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Bill would allow state officials to enforce federal immigration

A House bill proposes that the UHP, who reports to DPS, gets an MOU with the DHS so it can function like ICE who was once the INS.

In other words, Utah law enforcement may soon be combining forces with the Department of Homeland Security to step up immigration enforcement.

The bill would allow trained law enforcement officers to act as immigration officers, should they be confronted by a situation involving federal immigration issues. The bill was approved by a House committee Wednesday in a 6-3 vote. It now moves to the House floor.

Rep. Glenn Donnelson, R-North Ogden, the sponsor of House Bill 105, says that the bill would allow officers to be spread throughout the state who have the training on how to identify and handle illegal immigrants when they see them.

Rep. Jennifer Seelig, D-Salt Lake City, is concerned that having law enforcement able to act as federal immigration officers would scare people out of reporting other crimes such as battery or domestic violence. This bill could have an negative effect, says Seelig, not only on victims, but also on witnesses to crimes.

Also opposed to the bill is Rep. David Litvak, D-Salt Lake City. Litvak said the effect of cross-deputizing local law enforcement officers will be to "create pockets of criminal activity, and create vulnerable individuals in families."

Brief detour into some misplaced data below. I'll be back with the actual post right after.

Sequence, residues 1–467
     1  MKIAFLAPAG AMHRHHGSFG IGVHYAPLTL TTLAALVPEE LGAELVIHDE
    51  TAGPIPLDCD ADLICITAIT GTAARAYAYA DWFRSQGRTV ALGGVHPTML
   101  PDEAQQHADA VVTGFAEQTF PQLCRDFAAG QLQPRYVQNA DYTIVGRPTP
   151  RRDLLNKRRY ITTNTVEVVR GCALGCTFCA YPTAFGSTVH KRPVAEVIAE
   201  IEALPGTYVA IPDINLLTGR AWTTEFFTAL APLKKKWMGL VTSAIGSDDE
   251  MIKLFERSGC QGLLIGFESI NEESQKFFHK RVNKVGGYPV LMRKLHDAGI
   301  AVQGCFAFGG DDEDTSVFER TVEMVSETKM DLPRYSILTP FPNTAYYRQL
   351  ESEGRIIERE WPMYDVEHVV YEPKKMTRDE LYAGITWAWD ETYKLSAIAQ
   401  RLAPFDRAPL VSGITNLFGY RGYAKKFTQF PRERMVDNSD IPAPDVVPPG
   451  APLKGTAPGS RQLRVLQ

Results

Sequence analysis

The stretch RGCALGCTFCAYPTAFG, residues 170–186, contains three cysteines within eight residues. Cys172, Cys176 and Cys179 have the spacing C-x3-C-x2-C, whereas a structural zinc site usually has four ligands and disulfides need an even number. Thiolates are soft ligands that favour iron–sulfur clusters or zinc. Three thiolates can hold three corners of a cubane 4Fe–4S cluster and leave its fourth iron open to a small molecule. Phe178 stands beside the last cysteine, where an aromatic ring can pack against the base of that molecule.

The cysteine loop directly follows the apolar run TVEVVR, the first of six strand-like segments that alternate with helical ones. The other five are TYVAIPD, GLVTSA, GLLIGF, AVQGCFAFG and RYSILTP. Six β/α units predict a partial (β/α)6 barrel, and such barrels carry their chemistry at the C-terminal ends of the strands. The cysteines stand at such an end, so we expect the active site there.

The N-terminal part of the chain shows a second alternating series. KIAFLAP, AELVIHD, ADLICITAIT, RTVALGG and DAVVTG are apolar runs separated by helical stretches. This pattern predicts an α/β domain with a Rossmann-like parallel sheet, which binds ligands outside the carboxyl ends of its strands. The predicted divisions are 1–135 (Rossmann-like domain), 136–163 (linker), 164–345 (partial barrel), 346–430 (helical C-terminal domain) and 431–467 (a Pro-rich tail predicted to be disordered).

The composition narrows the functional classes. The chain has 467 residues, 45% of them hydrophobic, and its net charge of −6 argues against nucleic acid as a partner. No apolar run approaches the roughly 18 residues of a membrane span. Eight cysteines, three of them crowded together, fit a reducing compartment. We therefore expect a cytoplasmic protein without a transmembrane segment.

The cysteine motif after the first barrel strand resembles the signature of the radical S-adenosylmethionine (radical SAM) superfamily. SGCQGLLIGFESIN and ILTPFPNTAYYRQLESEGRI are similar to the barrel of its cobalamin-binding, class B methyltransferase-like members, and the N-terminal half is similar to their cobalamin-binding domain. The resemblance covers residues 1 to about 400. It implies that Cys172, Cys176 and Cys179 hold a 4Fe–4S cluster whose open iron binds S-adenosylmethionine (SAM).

He also argued that this bill will breed further distrust of law enforcement in not only the immigrant community, but in the minority community as well. Those issues, Litvak said, will have an effect on the public safety of everyone.

Utah Commissioner of Public Safety Scott Duncan told the House committee that most local law enforcement agencies are opposed to the bill.

Troopers and local officers will have the choice of whether they want to participate in the training program under the bill. If they do participate, they will receive a five-week training program. Duncan testified that implementation of this program in Alabama has resulted in more than 50 officers being trained, yielding only several arrests of illegal immigrants on false identification charges.

This keystone of HB 105 would be the Utah Department of Public Safety obtaining a memo of understanding with the Department of Homeland Security. According to Donnelson, this would open up the doors for federal training, paid for with federal dollars, and ease the process of local law enforcement.

The bill would not, Donnelson said, require officers to change their normal duties in any way. It would instead only empower them to act when the situation arises, without having to wait a few days for Immigration and Control Enforcement to respond.

Duncan said the bill doesn't create "a proactive program." Highway Patrol Troopers, he says, would not be out proactively looking for illegal immigrants. Duncan said troopers will still primarily be concerned with doing their job.

"If they see a drunk in front of them and they also suspect that another car in front of them has some illegals in it, you take the drunk," he said.

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